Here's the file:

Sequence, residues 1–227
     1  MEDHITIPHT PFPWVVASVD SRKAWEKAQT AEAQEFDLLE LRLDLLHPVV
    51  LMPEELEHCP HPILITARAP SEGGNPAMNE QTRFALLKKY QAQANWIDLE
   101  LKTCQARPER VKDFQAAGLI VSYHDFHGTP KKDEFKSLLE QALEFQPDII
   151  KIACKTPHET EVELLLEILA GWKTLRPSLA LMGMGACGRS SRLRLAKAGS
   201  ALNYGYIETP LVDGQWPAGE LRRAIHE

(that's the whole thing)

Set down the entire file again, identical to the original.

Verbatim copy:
Sequence, residues 1–227
     1  MEDHITIPHT PFPWVVASVD SRKAWEKAQT AEAQEFDLLE LRLDLLHPVV
    51  LMPEELEHCP HPILITARAP SEGGNPAMNE QTRFALLKKY QAQANWIDLE
   101  LKTCQARPER VKDFQAAGLI VSYHDFHGTP KKDEFKSLLE QALEFQPDII
   151  KIACKTPHET EVELLLEILA GWKTLRPSLA LMGMGACGRS SRLRLAKAGS
   201  ALNYGYIETP LVDGQWPAGE LRRAIHE